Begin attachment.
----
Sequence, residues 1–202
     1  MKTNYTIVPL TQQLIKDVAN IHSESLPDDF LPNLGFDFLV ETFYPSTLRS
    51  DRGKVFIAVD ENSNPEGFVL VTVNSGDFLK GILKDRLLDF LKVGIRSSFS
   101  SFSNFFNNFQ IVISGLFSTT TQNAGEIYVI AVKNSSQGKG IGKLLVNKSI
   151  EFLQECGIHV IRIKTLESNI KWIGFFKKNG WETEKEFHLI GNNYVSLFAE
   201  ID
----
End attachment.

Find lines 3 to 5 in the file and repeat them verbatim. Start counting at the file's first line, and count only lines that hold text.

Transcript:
    51  DRGKVFIAVD ENSNPEGFVL VTVNSGDFLK GILKDRLLDF LKVGIRSSFS
   101  SFSNFFNNFQ IVISGLFSTT TQNAGEIYVI AVKNSSQGKG IGKLLVNKSI
   151  EFLQECGIHV IRIKTLESNI KWIGFFKKNG WETEKEFHLI GNNYVSLFAE